M&S warns consumer squeeze will hit profit growth

Retailer Marks and Spencer has warned that the financial squeeze on UK consumers will hit its profit growth this year.

One of Britain’s best-known retailers said that although trading had been encouraging since early April, it expected the financial pressures on customers to deepen over the rest of the year.

“We expect the decline in real incomes to sharpen in the second half and endure for at least the remainder of the financial year,” the retailer said in its full-year results statement on Wednesday.

Chief executive Steve Rowe predicted that consumers would feel the full impact of the income squeeze in the autumn, but said there was evidence M&S customers were better placed owing to higher levels of savings.

The Ocado Retail online grocery venture, of which M&S owns half, is already being affected by a reversion of food shopping habits to pre-pandemic norms, as shoppers return to stores and make fewer large orders.

In a separate statement, the venture said sales growth would be in the “mid-single digits” this year, down from the 10 per cent it had previously indicated, as rising energy costs take their toll.

M&S expected Ocado Retail to make a “minimal” contribution to profits this year. Still, Rowe said the group “remains very confident in the future potential of Ocado” and pointed out that online grocery sales were still materially higher than before the Covid-19 pandemic.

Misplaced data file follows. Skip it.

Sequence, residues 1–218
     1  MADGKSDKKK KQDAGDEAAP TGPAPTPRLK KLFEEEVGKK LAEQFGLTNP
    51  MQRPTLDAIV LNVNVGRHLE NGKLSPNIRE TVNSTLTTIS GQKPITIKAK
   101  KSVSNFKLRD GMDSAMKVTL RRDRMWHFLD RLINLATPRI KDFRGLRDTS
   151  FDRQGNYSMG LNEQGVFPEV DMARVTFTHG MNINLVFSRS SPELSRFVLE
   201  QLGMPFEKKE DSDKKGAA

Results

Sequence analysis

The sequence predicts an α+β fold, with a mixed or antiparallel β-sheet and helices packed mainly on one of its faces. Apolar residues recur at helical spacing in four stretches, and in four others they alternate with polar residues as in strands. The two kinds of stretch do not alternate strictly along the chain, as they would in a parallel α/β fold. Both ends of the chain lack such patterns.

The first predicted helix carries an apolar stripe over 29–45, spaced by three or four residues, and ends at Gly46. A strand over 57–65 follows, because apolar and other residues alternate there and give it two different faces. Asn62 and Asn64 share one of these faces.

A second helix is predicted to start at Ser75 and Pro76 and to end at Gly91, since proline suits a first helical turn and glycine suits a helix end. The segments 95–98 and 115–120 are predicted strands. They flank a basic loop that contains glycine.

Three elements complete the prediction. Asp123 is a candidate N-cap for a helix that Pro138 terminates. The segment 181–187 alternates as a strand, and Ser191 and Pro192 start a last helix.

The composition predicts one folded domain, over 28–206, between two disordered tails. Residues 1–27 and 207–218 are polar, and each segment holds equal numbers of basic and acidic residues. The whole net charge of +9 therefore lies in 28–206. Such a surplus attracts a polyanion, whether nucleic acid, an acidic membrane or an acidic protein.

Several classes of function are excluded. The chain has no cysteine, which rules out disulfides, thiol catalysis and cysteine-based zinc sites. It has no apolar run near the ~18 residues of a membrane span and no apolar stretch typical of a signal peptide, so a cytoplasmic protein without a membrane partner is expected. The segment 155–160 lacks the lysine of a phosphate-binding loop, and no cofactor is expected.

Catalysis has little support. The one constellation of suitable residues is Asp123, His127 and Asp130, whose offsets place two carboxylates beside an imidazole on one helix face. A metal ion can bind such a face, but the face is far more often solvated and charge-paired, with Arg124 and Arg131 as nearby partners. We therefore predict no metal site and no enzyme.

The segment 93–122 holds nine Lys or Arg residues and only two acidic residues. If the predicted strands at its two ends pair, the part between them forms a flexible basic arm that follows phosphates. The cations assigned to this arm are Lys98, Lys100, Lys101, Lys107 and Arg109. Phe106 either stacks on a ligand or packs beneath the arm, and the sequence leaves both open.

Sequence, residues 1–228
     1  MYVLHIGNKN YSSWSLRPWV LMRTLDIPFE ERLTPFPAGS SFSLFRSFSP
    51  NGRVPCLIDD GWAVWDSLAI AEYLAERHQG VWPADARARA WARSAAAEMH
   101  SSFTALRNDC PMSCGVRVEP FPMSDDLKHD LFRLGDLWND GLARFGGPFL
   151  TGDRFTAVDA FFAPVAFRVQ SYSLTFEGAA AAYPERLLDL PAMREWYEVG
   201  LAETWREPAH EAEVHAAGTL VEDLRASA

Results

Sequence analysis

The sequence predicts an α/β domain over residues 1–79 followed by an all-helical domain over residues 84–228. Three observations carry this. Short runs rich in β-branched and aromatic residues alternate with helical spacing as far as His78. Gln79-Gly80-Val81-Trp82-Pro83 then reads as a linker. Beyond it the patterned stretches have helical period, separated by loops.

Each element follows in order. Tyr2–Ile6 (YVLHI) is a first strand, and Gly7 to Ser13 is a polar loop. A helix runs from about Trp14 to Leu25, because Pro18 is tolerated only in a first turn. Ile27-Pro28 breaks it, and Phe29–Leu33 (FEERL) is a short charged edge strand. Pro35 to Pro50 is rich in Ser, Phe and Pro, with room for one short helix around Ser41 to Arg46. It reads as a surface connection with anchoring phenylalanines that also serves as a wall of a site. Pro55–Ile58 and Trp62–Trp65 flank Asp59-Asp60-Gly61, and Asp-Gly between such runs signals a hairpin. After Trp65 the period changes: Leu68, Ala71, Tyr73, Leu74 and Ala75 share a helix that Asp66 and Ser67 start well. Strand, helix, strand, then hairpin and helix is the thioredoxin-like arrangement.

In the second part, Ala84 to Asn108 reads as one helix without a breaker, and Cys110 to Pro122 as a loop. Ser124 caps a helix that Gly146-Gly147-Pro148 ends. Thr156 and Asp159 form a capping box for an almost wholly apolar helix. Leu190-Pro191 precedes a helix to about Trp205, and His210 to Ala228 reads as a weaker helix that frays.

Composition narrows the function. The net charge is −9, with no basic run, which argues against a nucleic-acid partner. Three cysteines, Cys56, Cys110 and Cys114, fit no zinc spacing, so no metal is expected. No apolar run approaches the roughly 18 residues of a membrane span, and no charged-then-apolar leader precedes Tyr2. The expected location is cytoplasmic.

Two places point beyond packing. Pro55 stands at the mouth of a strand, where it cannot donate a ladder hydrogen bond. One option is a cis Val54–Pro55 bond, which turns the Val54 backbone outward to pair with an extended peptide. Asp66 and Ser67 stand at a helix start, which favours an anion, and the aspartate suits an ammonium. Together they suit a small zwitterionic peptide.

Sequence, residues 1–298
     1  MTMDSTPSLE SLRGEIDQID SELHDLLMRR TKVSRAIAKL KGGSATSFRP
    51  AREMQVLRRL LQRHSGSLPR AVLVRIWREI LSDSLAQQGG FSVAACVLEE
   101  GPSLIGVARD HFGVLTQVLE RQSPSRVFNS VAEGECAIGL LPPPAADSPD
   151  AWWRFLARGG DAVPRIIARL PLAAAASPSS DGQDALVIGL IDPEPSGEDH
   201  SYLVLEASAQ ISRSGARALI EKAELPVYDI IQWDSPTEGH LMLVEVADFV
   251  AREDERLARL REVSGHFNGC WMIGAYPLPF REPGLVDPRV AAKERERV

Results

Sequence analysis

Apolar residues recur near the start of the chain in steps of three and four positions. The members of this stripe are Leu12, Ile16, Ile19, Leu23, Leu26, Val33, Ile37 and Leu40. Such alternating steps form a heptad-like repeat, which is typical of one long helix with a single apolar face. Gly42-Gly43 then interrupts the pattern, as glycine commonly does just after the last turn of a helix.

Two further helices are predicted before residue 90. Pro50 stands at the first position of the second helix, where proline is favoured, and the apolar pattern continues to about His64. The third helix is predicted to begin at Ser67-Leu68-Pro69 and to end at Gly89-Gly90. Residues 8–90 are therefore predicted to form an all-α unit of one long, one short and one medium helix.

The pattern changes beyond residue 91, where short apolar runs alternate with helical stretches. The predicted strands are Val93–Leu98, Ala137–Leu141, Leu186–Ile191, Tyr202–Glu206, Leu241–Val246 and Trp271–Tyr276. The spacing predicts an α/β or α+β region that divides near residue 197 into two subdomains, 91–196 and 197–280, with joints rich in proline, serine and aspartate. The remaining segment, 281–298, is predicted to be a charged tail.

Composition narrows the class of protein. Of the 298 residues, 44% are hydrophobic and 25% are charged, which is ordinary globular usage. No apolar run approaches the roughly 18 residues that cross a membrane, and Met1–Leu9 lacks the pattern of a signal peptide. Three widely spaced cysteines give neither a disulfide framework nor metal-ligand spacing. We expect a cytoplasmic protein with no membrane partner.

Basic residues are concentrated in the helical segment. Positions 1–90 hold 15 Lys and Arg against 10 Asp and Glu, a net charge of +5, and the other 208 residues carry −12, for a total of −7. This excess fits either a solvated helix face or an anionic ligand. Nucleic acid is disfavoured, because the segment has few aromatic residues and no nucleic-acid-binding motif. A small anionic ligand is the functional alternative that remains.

M&S booked a profit of £13.9mn from Ocado Retail last year, itself a steep drop from the £78.4mn during the previous year, when the online grocer benefited from a big shift to online grocery during the pandemic.

The lower than expected profits from Ocado will be compounded by the absence of business rates relief in the UK and M&S’s withdrawal from Russia, which Rowe indicated was permanent.

“We’re not going back in while the current regime is in place,” he said. The group’s decision to pull out will result in about £30mn of one-off costs.

M&S’s share price was volatile in early trading in London, while Ocado’s stock was down about 4 per cent.

Rowe, who steps down later this month after six years, had been making progress in reviving M&S’s fortunes.

A better performance from its revamped food business and improved sales of clothing and homewear helped the retailer to twice upgrade its forecasts during its past financial year.

In the 12 months to April 2, M&S reported pre-tax profit, excluding some items, of £523mn, matching analysts’ forecasts and up from £50mn in the previous financial year. Revenues were £10.8bn, up 7 per cent from last year.

But the chief executive was sanguine about the deteriorating outlook, pointing out that the business was in fundamentally better shape. “Yes there are issues with short-term trading — but when have there not been?” he said.

Rowe is set to hand over the chief executive role to Stuart Machin, currently head of food. Katie Bickerstaffe, the head of clothing and home, will be co-CEO but will report to Machin.

Analysts at Peel Hunt said the slower sales at Ocado Retail were “disappointing”, underlining how the business was being hit by the cost of living crisis facing consumers.


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